Maggie Petawabano wasn’t exactly sure when her late husband Paul first got the urge to fly. She thinks it was when, as a boy, he became curious about all the planes flying in and out of Mistissini, carrying curious new goods, then disappearing again into the sky.
Maybe it was seeing the condensation trails from a jet flying tens of thousands of feet overhead, and wondering who was on board, where were they from and where were they headed? Either way, once Paul got into the skies, he just continued to soar.
As the first Cree pilot in Mistissini, and possibly in Eeyou Istchee, Paul became known in the community as the best bush pilot around, and for his acts of kindness.
He was born January 18, 1943, according to his mother, though the government at the time mixed up the dates and registered his birthdate as December 21, 1942. “He kept insisting he had two birthdays,” Maggie recalled with a laugh.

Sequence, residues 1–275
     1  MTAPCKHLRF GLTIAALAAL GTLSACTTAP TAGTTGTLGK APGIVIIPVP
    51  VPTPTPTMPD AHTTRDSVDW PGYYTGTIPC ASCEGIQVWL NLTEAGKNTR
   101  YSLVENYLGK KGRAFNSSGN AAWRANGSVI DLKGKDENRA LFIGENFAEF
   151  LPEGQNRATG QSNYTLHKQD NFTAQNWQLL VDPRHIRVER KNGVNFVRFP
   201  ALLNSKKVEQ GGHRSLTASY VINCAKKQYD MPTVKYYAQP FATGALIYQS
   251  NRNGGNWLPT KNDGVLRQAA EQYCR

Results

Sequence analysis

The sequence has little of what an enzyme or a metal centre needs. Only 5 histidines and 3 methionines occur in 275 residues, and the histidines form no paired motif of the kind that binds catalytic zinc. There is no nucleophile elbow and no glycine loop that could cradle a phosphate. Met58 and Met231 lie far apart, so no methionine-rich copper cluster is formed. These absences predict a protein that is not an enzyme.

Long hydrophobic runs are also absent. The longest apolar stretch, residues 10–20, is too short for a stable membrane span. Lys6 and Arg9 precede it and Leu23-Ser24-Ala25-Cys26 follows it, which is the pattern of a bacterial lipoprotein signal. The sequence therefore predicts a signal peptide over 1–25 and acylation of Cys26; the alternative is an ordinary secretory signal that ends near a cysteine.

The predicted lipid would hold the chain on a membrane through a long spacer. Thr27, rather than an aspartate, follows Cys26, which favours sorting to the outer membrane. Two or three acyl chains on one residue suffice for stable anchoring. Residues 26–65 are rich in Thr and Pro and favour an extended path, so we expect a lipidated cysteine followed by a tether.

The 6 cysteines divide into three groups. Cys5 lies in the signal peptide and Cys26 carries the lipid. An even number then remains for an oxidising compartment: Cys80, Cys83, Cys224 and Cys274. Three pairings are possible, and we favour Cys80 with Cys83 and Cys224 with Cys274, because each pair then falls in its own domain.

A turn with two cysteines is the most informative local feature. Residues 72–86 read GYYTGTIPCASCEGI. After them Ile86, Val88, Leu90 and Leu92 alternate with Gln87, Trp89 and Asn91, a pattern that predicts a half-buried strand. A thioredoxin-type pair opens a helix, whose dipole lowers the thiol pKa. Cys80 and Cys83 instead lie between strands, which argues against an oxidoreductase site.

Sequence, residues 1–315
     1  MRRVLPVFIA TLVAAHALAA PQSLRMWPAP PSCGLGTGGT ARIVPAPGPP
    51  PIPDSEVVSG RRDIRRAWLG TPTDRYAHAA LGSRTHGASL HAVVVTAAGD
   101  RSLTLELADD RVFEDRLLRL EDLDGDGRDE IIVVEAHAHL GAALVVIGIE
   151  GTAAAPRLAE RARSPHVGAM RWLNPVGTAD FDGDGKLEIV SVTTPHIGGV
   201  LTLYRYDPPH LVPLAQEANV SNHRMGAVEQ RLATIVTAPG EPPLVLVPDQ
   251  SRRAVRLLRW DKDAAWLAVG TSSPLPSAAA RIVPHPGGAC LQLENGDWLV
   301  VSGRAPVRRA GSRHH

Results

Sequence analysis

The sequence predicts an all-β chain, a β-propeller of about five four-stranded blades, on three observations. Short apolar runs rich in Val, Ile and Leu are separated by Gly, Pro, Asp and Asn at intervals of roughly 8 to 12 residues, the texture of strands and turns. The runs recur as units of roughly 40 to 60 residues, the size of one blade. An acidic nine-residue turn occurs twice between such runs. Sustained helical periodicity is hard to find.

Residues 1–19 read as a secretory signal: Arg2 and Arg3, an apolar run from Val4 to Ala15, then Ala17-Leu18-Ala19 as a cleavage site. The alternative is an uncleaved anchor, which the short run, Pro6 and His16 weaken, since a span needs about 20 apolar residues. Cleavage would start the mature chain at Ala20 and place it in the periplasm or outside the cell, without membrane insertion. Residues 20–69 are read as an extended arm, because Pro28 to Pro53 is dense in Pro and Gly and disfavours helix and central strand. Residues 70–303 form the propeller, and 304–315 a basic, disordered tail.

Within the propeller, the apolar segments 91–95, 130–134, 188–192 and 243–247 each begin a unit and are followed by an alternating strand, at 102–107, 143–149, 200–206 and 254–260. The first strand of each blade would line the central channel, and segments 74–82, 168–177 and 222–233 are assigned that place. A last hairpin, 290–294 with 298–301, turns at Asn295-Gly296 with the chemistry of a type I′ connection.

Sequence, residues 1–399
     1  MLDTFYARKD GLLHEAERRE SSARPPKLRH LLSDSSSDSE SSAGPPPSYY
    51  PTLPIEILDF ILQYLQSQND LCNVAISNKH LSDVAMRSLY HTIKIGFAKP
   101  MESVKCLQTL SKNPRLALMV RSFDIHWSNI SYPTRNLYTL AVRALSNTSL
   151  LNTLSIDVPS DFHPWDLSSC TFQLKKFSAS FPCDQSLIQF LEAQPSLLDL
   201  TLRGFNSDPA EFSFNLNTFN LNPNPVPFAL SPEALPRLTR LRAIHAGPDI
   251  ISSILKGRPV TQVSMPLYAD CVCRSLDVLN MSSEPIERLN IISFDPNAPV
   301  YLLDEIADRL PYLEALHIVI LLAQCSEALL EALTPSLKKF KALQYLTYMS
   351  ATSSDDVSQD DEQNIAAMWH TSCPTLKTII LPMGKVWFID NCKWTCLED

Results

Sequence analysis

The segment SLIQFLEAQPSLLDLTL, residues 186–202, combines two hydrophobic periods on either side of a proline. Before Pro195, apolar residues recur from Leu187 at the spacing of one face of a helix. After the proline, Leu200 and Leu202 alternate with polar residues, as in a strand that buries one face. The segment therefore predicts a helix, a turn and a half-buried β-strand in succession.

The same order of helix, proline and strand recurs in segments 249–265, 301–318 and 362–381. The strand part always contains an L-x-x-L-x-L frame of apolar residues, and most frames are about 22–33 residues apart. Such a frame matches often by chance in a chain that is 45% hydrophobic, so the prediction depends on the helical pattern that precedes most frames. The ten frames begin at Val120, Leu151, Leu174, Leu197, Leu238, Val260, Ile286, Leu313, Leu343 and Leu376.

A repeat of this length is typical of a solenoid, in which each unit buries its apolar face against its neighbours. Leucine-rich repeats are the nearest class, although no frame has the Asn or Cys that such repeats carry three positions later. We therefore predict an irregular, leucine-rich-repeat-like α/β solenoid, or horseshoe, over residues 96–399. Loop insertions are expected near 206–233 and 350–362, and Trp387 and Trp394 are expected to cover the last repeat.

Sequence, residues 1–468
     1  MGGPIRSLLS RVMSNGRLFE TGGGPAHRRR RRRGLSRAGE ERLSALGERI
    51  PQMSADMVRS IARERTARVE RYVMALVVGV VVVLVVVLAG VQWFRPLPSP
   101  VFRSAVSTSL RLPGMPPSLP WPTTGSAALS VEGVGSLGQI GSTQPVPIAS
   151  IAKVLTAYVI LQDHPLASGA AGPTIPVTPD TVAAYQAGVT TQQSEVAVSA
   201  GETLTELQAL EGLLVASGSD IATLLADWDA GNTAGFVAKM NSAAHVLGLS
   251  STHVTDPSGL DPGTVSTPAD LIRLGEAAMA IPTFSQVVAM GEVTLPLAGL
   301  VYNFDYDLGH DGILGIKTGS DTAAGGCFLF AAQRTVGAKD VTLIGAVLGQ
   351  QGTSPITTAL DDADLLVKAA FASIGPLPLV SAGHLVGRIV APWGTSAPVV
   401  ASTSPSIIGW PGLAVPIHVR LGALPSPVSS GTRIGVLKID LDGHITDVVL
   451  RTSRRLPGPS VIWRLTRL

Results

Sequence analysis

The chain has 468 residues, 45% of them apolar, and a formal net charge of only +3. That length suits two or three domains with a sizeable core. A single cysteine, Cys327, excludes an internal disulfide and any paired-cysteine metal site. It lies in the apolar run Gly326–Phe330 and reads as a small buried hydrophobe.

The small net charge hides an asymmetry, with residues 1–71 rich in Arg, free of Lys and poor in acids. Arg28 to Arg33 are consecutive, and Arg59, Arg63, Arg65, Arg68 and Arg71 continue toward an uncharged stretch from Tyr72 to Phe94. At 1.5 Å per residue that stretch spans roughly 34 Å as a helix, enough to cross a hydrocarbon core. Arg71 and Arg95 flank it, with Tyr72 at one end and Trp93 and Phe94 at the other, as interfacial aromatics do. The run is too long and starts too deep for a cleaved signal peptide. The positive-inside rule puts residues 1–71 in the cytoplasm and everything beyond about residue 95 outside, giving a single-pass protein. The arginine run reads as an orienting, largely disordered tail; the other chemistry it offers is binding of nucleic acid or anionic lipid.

Growing up, Paul attended residential school, and studied in Moose Factory and later completed high school in Sault Ste. Marie. He had applied to become an engineer while in high school but returned home before he received his acceptance.
Out of the ordinary for the time, an Indian Affairs agent helped Paul enrol in a flight school outside Montreal and got Indian Affairs to pay for it. He was able to get his private and then his commercial license.
Don MacLeod, a friend of Paul’s since they were teenagers, said that as Paul got older, he talked about wanting to become a pilot. “The only person against it was his mother. She didn’t think it was safe, but he was determined and worked at it.”
It was around this time in 1965 that he met Maggie, and they were married two years later, in 1967.
“He didn’t get any work at first, he had to build up flying hours, but it’s hard to do without work or being a co-pilot,” Maggie explained. He got work at Hudson’s Bay, but discovered an airline industry that was unwelcoming towards Indigenous people. “Nobody was hiring Native people, saying they weren’t dependable,” Maggie added.